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Judicial Watch • Judicial Watch Statement on the Potential Violation of Law in President Obama’s Proposed Expansion of DACA

Judicial Watch Statement on the Potential Violation of Law in President Obama’s Proposed Expansion of DACA

Judicial Watch Statement on the Potential Violation of Law in President Obama’s Proposed Expansion of DACA

FEBRUARY 12, 2015

(Washington, DC) – Judicial Watch President Tom Fitton made the following statement regarding potential criminal and civil violations of law in the implementation of President Obama’s executive actions for immigration, which may be in violation of the Antideficiency Act:

“Judicial Watch calls upon Congress, its committees, or its members to request that the Government Accountability Office (GAO) investigate, analyze, and opine on the following issues:

“Whether Congress has specifically appropriated the funds or has specifically authorized the assessment of fees necessary for the U.S. Citizenship and Immigration Services (USCIS) to implement the plans to extend Deferred Action for Childhood Arrivals Program (DACA) and establish Deferred Action to Parents of Americans and Lawful Permanent Residents (DAPA);

“To the extent no funds have been specifically appropriated, whether USCIS is using funds appropriated, including any monies raised by fees assessed by USCIS, for a different, designated purpose to fund the implementation the plans to extend DACA and establish DAPA;

“To the extent any funds, including any monies raised by fees assessed by USCIS, are being used to implement the plans to extend DACA and establish DAPA, whether the use of such funds is unauthorized or prohibited.

“Whether USCIS is using property or employees designated for a specific purpose to implement the plans to extend DACA and establish DAPA, regardless of such designation.

 “The legal issues involving the improper use of taxpayer dollars are urgent given that the USCIS may have already entered into or imminently will enter into contracts and/or obligations in excess of the amount of government funds available to it – without the authority to do so. This unauthorized spending may be a direct violation of the Antideficiency Act, which makes it a violation of law, with potential civil and criminal penalties, for government officials to spend monies that have not been appropriated by Congress.  President Obama’s nullification of immigration law is broad and involves numerous policies in multiple federal agencies, but the center of the storm is in USCIS, where monies are being misspent in ways contrary to the fundamental purpose of that law enforcement agency.”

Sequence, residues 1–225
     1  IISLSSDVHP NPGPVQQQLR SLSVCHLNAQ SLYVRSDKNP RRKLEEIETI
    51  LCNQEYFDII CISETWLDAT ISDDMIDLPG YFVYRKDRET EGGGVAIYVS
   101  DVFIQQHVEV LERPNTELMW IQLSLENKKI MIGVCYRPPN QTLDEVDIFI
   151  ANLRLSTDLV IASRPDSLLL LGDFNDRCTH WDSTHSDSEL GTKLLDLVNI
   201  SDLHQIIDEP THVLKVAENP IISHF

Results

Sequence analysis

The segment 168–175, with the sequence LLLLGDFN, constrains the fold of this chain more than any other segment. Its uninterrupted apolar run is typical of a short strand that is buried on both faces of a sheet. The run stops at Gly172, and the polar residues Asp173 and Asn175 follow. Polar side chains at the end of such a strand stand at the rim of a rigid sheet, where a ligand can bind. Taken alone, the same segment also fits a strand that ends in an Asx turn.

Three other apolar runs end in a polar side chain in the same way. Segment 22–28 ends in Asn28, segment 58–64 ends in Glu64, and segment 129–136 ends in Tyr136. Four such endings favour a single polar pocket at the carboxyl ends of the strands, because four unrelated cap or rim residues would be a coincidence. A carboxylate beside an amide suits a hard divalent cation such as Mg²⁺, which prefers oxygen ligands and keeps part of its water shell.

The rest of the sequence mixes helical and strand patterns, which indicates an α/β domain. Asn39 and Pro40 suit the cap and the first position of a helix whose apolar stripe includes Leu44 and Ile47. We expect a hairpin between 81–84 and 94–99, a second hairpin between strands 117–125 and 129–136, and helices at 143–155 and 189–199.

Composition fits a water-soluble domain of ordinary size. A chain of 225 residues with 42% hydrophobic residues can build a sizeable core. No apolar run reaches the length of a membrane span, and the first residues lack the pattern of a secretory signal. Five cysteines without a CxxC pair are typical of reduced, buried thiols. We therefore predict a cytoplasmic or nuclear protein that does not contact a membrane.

The Antideficiency Act generally prohibits an officer or employee of the U.S. government from:

  • making or authorizing an expenditure or obligation exceeding an amount available in an appropriation or fund for the expenditure or obligation; or
  • involving the U.S. government in a contract or obligation for the payment of money before an appropriation is made unless authorized by law.
    31 U.S.C. §1341(a)(1)(A) & (B).

To the extent an officer or employee may be in violation of the Antideficiency Act, Congress mandates that the Comptroller General, the head of GAO, conduct an investigation of the matter. 31 U.S.C. § 712(1) & 31 U.S.C. 717(b). An investigation may be commenced upon request by Congress, its committees, or its members. 31 U.S.C. § 717.

On January 27, 2015, Senators Grassley (R-IA), Johnson (R-WI), and Sessions (R-AL) reissued to the public their November letter to Joseph Moore, Chief Financial Officer of U.S. Citizenship and Immigration Services, which states in part:

On November 20, 2014, the President announced several executive actions, including plans to expand the Deferred Action for Childhood Arrivals Program (DACA) and to extend “Deferred Action to Parents of Americans and Lawful Permanent Residents” (DAPA). These events raise serious legal questions and may have significant budgetary consequences. U.S. Citizenship and Immigration Services (USCIS) is “the federal agency that oversees lawful immigration to the United States.” The President’s directives will redirect scarce resources from this core mission to activities that Congress has never approved, and will very likely jeopardize the financial health of the agency. If USCIS has a budget shortfall, the agency will no doubt ask the taxpayers to shoulder the burden.